I’ll go by category, so if some of these don’t apply to you, just skim them.

Lawns: It’s still a bit early to fertilize Centipedegrass, but keep it mowed to about 1 1/2 inches as long foliage strains newly emerging roots.

Houseplants: It’s time to move them outside so they can enjoy the great outdoors for the summer, but keep them out of afternoon direct sunlight so as not to scorch their leaves.

Fruits: If you have strawberries growing in your yard like I do, you are probably having a bumper crop this year. If not, the fruit stands have some awesome berries now. Don’t miss out before strawberry season ends. My blueberry bush is loaded with berries not yet ripened, but the birds are quite aware of these little fruits and will pounce down to steal them just as they are ready to be picked. I keep mine covered with netting at this point to discourage any scavengers. Don’t do this when they’re flowering because the bees need to get to them to pollinate.

Vegetables and herbs: You can set starts or push in seeds for just about any vegetables now as the soil temperature should be warm enough. My sugar snap peas (that I planted in February) are producing lots of sweet fruit now. You are probably already using any herbs you had planted from last year and it won’t be long before you’ll be able to harvest some from this year’s plantings. Don’t let basil or dill flower or it will go to seed.

Flowers: You can plant your perennials now and the local garden centers have some beauties. I’d like to stress “local” garden centers as that’s where you will find the most knowledgeable staff to assist you with the selections best for your yard! OK, here’s the hard one — just as your pansies and snapdragons are blooming their lovely little heads off, you will now have to rip them out and replace them with the summer annuals you’ve chosen. But look at it this way, they will wither and die pretty soon when the weather gets hot. Plus you want your summer annuals to get established before we are seeing 90-degree temps every day. For my non-gardening friends (who are probably not reading this anyway) and think that we’re getting lots of rain, it was actually 10 days between the last two rainfalls; so, you will need to keep a lookout for moisture in your soil, especially plantings in containers.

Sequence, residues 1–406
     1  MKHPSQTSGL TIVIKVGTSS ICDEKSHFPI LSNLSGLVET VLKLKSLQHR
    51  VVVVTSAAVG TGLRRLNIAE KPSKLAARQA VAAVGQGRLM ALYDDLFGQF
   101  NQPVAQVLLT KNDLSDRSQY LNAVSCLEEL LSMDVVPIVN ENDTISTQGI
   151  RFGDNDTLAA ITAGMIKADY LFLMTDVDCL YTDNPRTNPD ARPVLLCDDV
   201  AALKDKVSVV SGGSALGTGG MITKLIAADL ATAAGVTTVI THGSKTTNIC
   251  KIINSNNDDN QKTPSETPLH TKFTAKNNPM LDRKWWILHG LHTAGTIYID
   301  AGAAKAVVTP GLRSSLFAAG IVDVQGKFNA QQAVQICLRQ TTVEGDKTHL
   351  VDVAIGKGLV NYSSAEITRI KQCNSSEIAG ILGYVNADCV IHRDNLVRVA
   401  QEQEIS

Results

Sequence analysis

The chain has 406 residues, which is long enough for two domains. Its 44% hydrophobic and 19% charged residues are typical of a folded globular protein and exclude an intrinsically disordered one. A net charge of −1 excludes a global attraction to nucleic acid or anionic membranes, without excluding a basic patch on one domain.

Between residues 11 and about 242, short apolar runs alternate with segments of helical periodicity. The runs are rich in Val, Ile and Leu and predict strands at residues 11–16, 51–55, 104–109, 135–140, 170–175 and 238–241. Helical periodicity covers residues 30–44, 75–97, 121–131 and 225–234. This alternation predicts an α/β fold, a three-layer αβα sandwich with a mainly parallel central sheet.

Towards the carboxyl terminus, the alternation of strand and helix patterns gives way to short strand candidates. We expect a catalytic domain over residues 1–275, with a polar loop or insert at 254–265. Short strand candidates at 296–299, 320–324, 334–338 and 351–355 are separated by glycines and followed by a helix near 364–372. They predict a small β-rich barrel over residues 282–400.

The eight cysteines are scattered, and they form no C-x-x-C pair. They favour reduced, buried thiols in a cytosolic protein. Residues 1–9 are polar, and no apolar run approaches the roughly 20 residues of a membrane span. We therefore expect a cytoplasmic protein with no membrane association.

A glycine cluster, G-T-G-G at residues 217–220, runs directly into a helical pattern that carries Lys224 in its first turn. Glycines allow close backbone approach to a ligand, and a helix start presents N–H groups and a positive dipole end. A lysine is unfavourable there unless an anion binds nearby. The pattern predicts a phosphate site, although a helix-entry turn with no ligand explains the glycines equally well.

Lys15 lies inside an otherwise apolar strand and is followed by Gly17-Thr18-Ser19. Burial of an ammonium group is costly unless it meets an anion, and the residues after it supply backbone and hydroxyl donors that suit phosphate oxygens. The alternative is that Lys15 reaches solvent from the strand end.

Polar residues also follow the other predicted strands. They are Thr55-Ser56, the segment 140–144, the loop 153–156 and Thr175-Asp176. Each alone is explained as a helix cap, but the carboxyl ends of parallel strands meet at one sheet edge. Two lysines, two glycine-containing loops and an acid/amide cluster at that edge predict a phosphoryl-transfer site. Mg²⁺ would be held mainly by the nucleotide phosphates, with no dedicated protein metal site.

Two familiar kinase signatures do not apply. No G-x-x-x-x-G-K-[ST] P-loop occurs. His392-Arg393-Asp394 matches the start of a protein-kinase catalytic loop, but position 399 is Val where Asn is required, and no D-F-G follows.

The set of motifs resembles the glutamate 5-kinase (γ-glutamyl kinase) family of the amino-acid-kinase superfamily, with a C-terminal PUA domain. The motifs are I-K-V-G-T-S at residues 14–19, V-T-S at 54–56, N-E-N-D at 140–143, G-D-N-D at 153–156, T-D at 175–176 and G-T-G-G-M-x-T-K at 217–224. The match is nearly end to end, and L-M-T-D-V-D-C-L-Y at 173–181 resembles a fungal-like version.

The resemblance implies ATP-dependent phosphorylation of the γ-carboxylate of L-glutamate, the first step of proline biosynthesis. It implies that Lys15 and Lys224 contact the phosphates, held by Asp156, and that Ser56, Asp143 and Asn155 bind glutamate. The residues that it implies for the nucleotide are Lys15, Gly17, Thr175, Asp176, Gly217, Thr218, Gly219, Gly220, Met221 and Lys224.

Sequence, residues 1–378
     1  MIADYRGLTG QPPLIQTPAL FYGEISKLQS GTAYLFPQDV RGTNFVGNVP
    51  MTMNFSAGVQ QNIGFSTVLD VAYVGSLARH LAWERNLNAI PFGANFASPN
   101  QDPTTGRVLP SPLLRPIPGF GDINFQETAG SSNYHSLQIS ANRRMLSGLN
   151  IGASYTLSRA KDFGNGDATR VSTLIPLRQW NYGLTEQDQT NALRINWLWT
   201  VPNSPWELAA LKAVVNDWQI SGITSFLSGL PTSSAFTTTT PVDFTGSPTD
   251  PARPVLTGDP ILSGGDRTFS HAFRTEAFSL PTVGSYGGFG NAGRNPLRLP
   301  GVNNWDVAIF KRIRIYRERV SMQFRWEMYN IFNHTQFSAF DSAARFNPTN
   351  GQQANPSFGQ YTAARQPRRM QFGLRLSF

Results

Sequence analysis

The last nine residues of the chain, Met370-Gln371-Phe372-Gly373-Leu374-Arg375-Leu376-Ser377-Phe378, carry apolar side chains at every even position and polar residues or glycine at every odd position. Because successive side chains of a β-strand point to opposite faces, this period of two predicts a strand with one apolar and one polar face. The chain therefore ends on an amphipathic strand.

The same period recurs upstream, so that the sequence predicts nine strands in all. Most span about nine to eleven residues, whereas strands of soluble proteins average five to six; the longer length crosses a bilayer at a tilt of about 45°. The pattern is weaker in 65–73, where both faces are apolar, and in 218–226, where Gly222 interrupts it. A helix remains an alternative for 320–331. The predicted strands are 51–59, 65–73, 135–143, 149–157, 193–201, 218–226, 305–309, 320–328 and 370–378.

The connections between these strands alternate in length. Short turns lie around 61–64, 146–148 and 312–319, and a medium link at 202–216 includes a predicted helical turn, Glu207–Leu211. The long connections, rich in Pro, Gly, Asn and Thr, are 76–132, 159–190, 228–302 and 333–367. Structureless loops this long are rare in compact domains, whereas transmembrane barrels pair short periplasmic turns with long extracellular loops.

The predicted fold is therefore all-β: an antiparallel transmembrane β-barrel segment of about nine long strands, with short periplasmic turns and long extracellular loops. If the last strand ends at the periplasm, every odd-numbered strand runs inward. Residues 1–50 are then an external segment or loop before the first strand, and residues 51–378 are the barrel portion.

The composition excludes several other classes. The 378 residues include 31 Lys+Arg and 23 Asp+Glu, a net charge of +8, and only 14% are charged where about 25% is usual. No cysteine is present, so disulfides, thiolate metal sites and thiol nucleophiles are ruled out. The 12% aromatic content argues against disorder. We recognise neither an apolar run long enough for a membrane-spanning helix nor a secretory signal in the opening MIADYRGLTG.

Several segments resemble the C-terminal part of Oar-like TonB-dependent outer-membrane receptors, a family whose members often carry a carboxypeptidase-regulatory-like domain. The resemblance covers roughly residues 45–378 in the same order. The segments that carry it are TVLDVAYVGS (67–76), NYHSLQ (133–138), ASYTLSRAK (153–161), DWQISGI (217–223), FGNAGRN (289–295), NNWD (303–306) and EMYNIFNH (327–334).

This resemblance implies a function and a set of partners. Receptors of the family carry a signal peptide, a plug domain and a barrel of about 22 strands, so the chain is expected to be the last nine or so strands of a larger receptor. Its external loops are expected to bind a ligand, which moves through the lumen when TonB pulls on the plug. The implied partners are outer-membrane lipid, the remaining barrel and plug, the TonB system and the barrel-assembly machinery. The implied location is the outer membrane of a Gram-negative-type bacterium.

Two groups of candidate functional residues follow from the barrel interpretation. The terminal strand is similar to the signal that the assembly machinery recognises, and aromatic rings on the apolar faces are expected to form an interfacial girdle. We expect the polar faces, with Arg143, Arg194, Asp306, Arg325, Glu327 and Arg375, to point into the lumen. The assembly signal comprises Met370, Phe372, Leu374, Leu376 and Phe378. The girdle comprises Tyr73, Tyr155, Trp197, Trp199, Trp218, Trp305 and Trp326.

Trees and shrubs: Immediate fertilizers are hard on plants’ metabolism. It’s usually better to use a slow release variety or a soil conditioner like cottonseed meal. A rush to fertilize (besides, you may not need any if your soil test results show otherwise) in early spring generally is not effective. Slow release fertilizers applied between now and July Fourth will serve your landscape better. Avoid cutting tree branches larger than a half inch if possible. Wounds at this time of year are susceptible to disease and insect problems. Crepe Myrtles can be detailed (not chopped off at the top) through mid-month, then be sure to allow new growth to establish and produce blooms.

Well, this should give you some general ideas where to spend your garden time this month. Please let me know if you have questions regarding specific garden problems.

 

Judi Lloyd lives in River Bend and can be contacted at judilloyd@yahoo.com.